Allow me to entice you into our rich and cultured literary and musical tradition of Eisteddfod here on Anglesey.

This Anglesey literary and musical festival was first held in 1907 and during those early years it was staged at the major towns of Anglesey, such as Llanerchymedd, Holyhead, Amlwch, Llangefni, Beaumaris and Menai Bridge.

Eisteddfod Mon 

The 2010 Eisteddfod will be held at the Llangefni Secondary School across the weekend of May 13 to 15.

A concert on the Friday evening will begin the celebration of unique Welsh culture and the competition will follow in earnest on the Saturday morning with prelims (preliminaries) to decide who will eventually compete on the main stage before the gathered audience.

Sadly, and pretty uniquely, no town or village was found able to undertake the challenge this year. This is indeed an odd occurence.

Nonetheless it will be held in the County Town of Anglesey at Llangefni. But please do not worry that this some indication of cultural decay because the 2011 event has been enthusiastically embraced by the village of Bryngwran.








Eisteddfod Mon Anglesey


The images that lend colour this page are of the Proclamation for the 2011 Eisteddfod at Bryngwran. I hope that they convey to you some of the magic attached to the event.

It was a fine sunny Spring day and the event was conducted in lovely sunshine below a large blue Anglesey sky in a meadow right on the village.

The Cyhoeddi is a colourful event that is both solemn in adhering to strict ritual but also laced with warm humour, laughter and song. Children danced their Dawns Flodau (Flower Dance) to the accompaniment of live music, as is the tradition.

When you see the announcement for the Proclamation of the 2012 Eisteddfod Mon I heartily recommend that you make every effort to attend. You will most certainly not understand a word of the language spoken yet the warmth of the event is palpable.

I assure that a few of the poetic nuances are lost on even the best of us, though it’s always nice to be in the company of cultured people.

As the Cyhoeddi progressed there were small children playing in the background adding joyful laughter to enhance the sense of family that is attached to the event and each year's competive events.

The prayer of dedication was spoken by Richard Edeyrn, originally from the nearby village of Bodedern, whence come his Bardic name.

I have neglected to inform you that all members of the Gorsedd adopt a Bardic name, a pseudonym by which she or he is known within the stone circle once she or he has been received.

I was delighted to see Robin Hughes in his blue attire nodding sagely and smiling to himself in delighted gentle pleasure. No nobler a man could have been in attendance.

Never was there more formidable Ceidwad y Pyrth (Gate Keeper) than Trefor Tanmanod who is gentle, soft spoken in all your meetings with him.

However, in his role as Ceidwad y Pyrth, along with Roy ap Huw, Trefor is an imposing figure who could turn back an advancing Roman Legion with but a sharpening of his eyes.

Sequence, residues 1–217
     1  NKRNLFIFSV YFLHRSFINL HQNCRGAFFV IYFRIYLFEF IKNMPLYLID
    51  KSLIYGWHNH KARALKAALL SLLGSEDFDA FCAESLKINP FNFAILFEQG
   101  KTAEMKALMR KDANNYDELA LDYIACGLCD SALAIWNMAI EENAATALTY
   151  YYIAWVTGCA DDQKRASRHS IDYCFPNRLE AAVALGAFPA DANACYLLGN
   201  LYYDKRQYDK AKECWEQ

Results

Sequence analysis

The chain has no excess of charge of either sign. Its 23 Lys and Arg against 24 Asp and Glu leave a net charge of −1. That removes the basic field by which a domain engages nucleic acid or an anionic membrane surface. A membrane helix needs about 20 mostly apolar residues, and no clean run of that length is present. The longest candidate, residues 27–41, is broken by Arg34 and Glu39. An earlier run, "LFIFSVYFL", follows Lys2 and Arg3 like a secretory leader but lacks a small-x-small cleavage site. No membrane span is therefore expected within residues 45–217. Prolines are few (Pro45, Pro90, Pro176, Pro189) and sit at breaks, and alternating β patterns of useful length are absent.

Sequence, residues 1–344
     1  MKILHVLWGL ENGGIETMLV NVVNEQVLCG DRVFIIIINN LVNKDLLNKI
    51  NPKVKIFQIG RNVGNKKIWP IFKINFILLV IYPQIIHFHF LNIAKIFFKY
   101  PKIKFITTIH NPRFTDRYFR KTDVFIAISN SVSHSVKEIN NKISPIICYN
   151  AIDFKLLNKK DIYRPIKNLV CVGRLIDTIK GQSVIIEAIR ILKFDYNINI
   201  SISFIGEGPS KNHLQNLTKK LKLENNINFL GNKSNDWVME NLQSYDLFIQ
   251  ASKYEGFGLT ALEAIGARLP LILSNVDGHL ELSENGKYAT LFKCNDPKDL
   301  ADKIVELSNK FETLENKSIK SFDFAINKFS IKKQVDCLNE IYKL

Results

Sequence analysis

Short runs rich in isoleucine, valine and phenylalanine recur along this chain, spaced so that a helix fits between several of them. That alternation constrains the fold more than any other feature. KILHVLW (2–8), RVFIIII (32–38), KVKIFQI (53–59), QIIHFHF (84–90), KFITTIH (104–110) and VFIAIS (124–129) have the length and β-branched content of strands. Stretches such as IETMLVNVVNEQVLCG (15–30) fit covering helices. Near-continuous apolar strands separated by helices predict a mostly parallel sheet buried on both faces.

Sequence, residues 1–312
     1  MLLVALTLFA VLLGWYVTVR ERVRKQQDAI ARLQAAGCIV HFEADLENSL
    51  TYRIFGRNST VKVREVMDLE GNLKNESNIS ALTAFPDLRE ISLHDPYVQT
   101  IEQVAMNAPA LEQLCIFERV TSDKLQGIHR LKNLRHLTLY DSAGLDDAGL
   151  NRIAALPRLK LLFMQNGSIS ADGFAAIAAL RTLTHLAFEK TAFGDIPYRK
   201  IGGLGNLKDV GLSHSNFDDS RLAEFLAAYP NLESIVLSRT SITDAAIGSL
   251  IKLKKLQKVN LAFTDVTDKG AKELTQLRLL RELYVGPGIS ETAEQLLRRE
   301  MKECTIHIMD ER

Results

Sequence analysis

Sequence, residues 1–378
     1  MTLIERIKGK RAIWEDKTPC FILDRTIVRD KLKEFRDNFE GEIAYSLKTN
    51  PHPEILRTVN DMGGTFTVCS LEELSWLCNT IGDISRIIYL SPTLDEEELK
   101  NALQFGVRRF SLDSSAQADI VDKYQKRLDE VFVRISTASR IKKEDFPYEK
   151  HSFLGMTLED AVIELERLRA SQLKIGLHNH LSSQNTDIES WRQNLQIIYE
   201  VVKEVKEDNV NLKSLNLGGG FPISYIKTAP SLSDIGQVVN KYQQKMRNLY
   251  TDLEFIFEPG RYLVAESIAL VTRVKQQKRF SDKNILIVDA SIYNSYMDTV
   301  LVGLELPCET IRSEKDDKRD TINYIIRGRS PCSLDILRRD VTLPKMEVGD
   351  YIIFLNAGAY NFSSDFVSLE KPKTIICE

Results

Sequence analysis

Suetonius Paulinus would surely have got back on his horse and cantered away reflecting on his misfortune.

Eisteddfod Mon Anglesey

It is a significant honour to be received into the Gorsedd. Invitation comes as a consequence of noble acts and contribution to the Welsh Language, Eisteddfod, Public Service or the community.

One may also be nominated by druids of the Gorsedd or apply by means of examination in the Welsh language.

There was a formal announcement that the Eisteddfod will be held in Bryngwran in 2011.

Eisteddfod Mon 

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Quite literally, Eisteddfod Môn means the Anglesey Eisteddfod.

This annual event exemplifies the very best of Welsh language traditions and attached Druidic rituals.

Many of you will know about The Royal National Eisteddfod of Wales that is held every year in a different venue across the country. This beautiful cultural institution puts up its pink tent in the North and South in alternative years.

You will also know about the rich Druidic Traditions that underpin its cultural and historic significance.

These traditions have developed greatly over the last two and a half centuries. From the first gathering of the Gorsedd of Druids by Iolo Morganwg and their updating by the Druidic Bard, Cynan from the late 1950s onwards.

Iolo Morgannwg was a really strange character and I refer you to my observations on my Romans and Druids page.

Eisteddfod Mon 

Romans and Druids to one side, the first Welsh Druidic Court was conducted at Primrose Hill in London in 1792.

As you can imagine there aren’t many sites in the London area that have druidic stone circles. Iolo discarded this irrelevance by taking out a pocketful of pebbles to symbolise the stone circle.

Within the circle he gathered the Druids and enacted a complete fabrication that is the basis of the wonderful theatre that we see enacted for proclaiming the next year’s Eisteddfod and for receiving new members into the Druidic Order.

It is the Llys yr Orsedd (Druidic Court) that is the ruling body of all eisteddfodau. However, each Welsh county has its own Gorsedd and event.

Each area Eisteddfod is a preliminary competion to judge who is worthy of competing at the 'National'

Eisteddfod Mon